Kerala’s trade unions have become far less combative in recent times, but a lingering perception about their militancy continues to leave a section of investors concerned about starting business in the state, the US Country Session at Emerging Kerala noted.
The situation on the labour front has changed for the good, but not the mindset of some entrepreneurs outside Kerala, according to speakers at the session ‘Doing Business with USA.’
As for hartals — as general strikes are called in Kerala — the management of companies can ensure normal attendance by escorting employees to office early, pointed out Ramkumar Ramamoorthy, senior vice president of US-based Cognizant Technology Solutions.
“It was in 1996 that we set up an office in Kolkata. It now has 10,000-odd people on the payroll. Our business in Kochi, too, has flourished over the years,” he said. The two cities came as examples from states known for their strong and long Communist politics.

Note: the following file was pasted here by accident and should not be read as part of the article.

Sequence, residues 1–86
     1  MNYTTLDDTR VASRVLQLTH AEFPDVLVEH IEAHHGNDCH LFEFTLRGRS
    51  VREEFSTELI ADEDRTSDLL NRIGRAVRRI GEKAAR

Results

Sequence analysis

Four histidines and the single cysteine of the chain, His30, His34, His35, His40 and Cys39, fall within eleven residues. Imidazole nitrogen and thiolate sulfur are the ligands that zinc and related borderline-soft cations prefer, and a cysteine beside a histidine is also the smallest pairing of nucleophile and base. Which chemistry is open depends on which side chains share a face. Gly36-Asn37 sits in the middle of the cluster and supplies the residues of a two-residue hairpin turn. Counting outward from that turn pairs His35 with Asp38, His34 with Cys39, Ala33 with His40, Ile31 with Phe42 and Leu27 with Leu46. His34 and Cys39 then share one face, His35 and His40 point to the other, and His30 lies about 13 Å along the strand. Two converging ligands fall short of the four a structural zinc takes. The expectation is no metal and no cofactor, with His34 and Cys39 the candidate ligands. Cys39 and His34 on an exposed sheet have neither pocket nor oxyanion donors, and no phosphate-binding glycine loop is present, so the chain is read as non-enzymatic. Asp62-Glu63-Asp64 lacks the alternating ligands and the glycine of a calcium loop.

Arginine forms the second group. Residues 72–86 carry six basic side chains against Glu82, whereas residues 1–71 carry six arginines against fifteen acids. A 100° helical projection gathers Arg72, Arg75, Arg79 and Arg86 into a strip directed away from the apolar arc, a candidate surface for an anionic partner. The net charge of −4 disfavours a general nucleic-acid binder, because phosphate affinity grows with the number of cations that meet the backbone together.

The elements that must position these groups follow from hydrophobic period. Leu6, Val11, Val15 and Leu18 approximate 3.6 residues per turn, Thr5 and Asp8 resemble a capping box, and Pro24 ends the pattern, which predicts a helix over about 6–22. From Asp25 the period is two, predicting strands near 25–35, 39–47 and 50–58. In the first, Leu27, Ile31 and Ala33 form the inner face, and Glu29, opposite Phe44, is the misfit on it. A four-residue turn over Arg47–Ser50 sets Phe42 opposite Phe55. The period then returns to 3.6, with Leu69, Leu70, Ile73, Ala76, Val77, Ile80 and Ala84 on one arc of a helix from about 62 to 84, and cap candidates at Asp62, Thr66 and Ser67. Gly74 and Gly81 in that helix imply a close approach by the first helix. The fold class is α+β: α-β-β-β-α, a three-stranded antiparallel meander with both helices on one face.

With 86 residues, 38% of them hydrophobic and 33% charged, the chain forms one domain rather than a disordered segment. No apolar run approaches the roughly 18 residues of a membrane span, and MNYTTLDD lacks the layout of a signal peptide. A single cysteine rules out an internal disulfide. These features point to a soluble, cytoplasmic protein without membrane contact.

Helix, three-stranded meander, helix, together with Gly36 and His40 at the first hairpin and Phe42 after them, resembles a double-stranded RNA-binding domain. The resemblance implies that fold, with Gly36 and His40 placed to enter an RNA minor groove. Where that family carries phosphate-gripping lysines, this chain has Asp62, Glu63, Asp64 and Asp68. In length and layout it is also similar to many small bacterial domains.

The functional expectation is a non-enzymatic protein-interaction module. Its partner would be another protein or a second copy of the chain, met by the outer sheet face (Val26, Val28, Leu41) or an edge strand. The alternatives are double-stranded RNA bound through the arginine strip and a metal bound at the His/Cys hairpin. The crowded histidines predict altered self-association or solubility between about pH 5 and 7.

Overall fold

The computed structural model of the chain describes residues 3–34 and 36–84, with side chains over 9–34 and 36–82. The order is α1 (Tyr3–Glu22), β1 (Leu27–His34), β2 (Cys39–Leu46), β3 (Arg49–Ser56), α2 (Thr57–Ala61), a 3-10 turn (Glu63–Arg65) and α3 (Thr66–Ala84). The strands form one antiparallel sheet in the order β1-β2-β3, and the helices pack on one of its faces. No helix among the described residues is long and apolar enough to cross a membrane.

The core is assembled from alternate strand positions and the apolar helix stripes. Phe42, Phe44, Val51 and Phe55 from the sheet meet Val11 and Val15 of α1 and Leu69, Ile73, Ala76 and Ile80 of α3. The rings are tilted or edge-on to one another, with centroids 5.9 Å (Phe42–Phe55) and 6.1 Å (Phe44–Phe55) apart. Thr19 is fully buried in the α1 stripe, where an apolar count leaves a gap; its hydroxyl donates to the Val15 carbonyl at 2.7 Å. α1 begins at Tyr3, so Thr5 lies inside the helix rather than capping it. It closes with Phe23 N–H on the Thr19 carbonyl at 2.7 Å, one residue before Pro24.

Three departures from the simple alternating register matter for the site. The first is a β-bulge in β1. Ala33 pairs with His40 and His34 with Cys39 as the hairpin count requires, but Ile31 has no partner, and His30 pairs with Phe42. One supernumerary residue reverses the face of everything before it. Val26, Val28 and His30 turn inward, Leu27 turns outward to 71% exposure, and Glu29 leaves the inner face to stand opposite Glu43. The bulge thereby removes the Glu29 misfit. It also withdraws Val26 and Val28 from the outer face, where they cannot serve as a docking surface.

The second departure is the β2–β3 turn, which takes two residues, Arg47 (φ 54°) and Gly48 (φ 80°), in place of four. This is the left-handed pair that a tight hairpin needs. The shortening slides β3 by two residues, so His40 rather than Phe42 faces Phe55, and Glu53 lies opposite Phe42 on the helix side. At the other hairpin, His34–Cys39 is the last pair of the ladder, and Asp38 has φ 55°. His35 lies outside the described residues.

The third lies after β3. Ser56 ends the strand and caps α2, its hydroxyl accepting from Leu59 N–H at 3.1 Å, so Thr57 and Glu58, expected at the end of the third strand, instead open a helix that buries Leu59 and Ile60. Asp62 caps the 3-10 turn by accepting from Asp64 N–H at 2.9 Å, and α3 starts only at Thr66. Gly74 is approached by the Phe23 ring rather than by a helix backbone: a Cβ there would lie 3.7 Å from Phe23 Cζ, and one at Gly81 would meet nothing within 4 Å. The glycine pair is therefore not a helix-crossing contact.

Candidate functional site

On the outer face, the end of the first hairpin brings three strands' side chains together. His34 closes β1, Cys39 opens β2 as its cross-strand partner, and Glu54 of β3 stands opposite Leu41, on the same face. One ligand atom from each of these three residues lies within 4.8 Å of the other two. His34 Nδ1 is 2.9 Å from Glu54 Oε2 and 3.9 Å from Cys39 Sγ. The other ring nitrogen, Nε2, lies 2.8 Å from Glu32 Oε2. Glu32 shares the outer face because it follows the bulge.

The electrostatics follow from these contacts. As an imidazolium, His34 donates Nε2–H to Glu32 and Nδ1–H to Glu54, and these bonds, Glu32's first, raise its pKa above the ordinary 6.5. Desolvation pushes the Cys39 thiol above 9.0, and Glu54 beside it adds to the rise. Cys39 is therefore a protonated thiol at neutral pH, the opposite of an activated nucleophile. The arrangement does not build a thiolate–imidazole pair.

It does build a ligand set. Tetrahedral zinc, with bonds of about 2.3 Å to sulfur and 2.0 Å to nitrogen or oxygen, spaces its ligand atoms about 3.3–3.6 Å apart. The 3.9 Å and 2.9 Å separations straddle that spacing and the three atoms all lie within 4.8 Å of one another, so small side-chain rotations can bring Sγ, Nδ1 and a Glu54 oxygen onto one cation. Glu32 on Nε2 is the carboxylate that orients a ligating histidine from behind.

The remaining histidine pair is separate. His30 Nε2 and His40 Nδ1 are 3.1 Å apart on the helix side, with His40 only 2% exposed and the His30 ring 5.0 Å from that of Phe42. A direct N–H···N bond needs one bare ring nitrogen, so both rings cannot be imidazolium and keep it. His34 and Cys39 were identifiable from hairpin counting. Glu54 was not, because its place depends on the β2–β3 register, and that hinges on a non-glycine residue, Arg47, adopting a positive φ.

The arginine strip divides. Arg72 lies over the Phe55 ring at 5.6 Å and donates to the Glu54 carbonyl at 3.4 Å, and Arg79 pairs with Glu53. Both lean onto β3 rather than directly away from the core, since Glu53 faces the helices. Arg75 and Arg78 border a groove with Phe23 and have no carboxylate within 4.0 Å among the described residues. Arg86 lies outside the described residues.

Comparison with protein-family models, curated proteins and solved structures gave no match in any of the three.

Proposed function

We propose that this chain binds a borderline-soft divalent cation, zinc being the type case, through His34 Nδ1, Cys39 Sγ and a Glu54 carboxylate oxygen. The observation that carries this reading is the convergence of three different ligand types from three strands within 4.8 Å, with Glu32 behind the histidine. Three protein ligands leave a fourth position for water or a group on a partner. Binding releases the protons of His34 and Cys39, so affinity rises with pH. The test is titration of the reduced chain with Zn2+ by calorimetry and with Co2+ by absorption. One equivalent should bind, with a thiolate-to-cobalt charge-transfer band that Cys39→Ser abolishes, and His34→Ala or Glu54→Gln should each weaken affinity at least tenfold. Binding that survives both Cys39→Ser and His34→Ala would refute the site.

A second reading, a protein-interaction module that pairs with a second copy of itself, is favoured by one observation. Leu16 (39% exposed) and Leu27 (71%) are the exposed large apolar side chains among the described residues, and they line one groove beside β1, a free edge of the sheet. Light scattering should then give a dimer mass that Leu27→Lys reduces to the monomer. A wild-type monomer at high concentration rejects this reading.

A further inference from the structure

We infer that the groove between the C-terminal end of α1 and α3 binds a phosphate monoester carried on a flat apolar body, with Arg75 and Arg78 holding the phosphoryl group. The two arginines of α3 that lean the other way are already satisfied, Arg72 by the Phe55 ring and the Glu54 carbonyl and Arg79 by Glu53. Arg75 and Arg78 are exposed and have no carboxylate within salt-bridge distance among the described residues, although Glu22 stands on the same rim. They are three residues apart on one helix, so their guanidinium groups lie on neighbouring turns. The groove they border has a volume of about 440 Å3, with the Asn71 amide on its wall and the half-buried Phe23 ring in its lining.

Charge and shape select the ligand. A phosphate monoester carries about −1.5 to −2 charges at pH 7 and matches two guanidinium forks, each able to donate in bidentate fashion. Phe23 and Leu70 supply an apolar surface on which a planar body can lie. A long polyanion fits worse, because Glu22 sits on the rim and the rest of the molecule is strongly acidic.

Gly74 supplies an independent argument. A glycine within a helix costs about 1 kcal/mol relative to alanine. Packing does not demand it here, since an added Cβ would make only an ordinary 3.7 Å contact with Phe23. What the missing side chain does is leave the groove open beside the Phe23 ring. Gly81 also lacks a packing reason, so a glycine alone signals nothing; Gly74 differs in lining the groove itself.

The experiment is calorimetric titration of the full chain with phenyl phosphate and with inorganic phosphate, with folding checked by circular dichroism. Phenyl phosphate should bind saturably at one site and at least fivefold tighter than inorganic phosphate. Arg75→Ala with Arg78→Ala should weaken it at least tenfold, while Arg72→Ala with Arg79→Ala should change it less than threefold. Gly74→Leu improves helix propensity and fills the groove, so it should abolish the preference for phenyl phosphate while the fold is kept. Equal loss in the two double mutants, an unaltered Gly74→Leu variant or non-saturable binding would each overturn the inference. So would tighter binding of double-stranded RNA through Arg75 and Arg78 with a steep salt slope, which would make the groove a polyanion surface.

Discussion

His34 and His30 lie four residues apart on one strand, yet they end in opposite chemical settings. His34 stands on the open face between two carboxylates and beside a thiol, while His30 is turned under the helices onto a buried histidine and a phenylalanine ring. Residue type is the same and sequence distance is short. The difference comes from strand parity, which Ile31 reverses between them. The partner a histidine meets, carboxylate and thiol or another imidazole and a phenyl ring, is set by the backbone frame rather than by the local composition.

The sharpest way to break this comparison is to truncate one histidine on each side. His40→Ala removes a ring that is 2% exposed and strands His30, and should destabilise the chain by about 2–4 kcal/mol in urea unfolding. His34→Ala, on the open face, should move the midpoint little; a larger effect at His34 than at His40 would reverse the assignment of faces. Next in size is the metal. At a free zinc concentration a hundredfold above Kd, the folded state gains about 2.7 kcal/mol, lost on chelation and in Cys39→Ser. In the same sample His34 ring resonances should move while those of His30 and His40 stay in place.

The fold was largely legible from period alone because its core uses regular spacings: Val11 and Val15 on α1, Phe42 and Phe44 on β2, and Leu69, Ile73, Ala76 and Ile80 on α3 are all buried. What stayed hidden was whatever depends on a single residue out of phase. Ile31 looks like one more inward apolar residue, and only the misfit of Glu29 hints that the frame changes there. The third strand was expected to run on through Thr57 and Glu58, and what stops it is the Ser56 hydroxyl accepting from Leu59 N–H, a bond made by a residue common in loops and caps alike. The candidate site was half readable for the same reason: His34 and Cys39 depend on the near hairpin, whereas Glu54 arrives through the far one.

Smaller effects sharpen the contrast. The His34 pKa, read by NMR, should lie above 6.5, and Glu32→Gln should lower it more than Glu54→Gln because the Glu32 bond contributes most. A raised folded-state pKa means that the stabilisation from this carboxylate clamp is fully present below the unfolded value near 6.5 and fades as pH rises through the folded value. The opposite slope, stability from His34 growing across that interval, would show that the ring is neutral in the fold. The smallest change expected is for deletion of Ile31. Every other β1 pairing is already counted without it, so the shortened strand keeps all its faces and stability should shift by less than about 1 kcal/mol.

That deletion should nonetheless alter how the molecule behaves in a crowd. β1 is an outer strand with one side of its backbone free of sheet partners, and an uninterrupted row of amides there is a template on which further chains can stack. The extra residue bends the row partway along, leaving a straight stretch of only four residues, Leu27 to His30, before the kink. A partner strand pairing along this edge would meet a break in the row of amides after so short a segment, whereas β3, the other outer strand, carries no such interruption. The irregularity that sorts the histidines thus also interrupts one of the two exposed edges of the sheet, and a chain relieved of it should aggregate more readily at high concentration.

Earlier, US principal commercial officer (South India) James Golsen and Michael Cathey of the US Consulate in Chennai addressed the session giving briefs about the various kinds of visas issued by their office and the procedures involved in their processing.
Ramamoorthy said New Jersey-based Cognizant, which has 2,000 professionals in Kochi, had grown over the years owing to the encouraging support from the Kerala government and also because the state has abundant talent. “No wonder the rate of attrition in Kochi is among the least in our centres world-wide.” he added.
Golsen said his office had succeeded in cutting down considerably the wait for visa. “We interview as many as 1,000 applicants a day,” he added. Cathey said the US had yet to implement its plans to issue Startup Visas, conceived to help smoother establishment of nascent firms in America.
As for financial aid from Export-Import Bank of India, the delegates were told that the US was trying to ease the process for getting the financial aid.